Last week, Facebook rolled out Timeline to brand pages. This excited businesses, but also made them nervous.
What do we need to prepare? What will happen to the content on our pages? What are the new best practices?
Never fear: Here's what you need to know to succeed.
In another post I looked at how to highlight your business' history and choose which apps to use. This article discusses how to draw people to your apps, control your content, and build your audience.
Tip 1: Use the "Link to this app" feature.
Since Timeline doesn't have customizable, designated landing pages, it is imperative to route people directly to the app with which you want them to engage. This means that whenever you talk about an app—whether on Twitter, your blog, in an email, or in a press release—you need to provide links that go directly to that app.
Luckily, Facebook makes it easy to get this link. Just click on "Edit" for the app and select "Link to this app."
Tip 2: Don't give up on fan-gating.
The removal of a default landing page means you can no longer force likes on prospective fans. But, if you want an ongoing relationship with your page's visitors, it is critical to convince them to become fans.
Make whatever you hide behind the gate worth clicking. Remember, without a like, your posted content won't end up in anyone's news feed.
Tip 3: Use the "Pin post" feature.
This clever little feature allows you to pin a single status update to remain at the top of your Timeline for up to a week. A great way to draw extended attention to your apps is promote one of your custom apps through a pinned post. Make sure to include a link to the app as I previously mentioned.
Tip 4: Know your administrative rights.
The new admin panel will soon be a favorite for page administrators everywhere. It gives you access to important information without going through a separate interface. The panel highlights key information such as new likes, notifications, and snapshots of critical Insights data, like total reach and the number of "people talking about this."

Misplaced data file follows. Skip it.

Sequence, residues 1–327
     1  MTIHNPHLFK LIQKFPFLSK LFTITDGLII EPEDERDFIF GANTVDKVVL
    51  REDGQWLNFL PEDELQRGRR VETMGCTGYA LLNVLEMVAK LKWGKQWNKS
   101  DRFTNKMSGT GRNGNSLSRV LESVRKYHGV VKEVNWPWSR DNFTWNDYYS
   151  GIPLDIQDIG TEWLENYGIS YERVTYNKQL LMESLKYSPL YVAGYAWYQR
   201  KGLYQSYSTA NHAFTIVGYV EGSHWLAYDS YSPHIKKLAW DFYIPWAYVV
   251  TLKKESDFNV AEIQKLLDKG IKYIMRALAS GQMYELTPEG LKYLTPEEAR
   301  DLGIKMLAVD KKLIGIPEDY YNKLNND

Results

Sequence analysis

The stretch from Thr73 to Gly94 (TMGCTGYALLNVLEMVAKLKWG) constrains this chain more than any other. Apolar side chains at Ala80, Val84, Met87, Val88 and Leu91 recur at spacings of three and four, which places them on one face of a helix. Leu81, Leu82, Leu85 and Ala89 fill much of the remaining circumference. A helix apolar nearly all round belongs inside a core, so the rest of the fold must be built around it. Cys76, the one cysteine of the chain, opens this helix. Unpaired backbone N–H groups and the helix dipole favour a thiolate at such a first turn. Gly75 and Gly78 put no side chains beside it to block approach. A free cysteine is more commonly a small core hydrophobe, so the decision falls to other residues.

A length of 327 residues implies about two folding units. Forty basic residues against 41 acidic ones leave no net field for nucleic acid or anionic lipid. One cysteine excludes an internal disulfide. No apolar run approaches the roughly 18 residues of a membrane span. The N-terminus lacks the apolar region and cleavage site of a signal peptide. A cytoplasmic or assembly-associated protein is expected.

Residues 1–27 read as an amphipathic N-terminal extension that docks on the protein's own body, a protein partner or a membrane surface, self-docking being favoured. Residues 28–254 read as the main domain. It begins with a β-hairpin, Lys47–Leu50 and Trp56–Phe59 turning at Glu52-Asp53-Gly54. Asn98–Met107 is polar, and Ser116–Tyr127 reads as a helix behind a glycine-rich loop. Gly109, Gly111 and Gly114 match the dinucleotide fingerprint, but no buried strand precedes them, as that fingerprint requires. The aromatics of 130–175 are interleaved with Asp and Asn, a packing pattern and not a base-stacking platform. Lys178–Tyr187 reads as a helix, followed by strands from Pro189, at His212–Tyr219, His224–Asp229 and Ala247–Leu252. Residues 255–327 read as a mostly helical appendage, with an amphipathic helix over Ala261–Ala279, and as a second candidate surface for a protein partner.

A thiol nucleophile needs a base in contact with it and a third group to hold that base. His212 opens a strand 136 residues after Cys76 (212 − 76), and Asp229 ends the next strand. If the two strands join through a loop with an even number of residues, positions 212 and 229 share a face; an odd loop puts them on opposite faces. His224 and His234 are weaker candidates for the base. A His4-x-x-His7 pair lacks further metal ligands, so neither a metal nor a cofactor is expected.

In addition, Timeline allows you to message through pages. The admin panel now allows you to see your most recent page message conversations.
These tips will help you make the most of the new administrative features:
Tip 5: Know your permissions.
Under Manage > Edit Page > Manage Permissions, administrators can set up all the permissions required for their page, including those for post visibility and messaging. Think of the type of Facebook experience you want to cultivate and set your permissions accordingly.
Tip 6: Be familiar with the Activity Log.
This log allows you to see every post you've ever published on your page—as well as any posts from users that mention your posts—and take action on them. Administrators can filter through posts by date, as well as star, hide, and even delete posts. You can delete posts as long as they are written directly on your page. This gives you full control over the contents of your Timeline.
I recommend you get to know the features this log offers so you can easily manage your Timeline's activity.
Tip 7: Explore the "Build audience" feature.
This feature could be a whole blog post on its own, but for now I recommend you check it out. It's a great way to invite Facebook friends and email contacts to share on your personal Timeline or a friend's Timeline. There are a lot of opportunities to create buzz with this feature.
Tip 8: Don't throw out your existing Facebook strategy.
The majority of the changes associated with Timeline are to enhance a user's visual experience. While this is great news for the creative side of your business, it does not change the basic rules of a solid Facebook strategy.
It is still important to:
- Post quality content on a regular basis
- Be current and creative
- Strategically use apps
- Proactively respond to fans
You still need to have a well-defined, thoughtful strategy if you want a strong Facebook presence. The majority of the successful things you did before you switched to Timeline will remain important. Have fun with your new creative opportunities but if something isn't broken, don't fix it.
Abby Hammer is a product manager at Vocus. A version of this article originally appeared on the Vocus blog.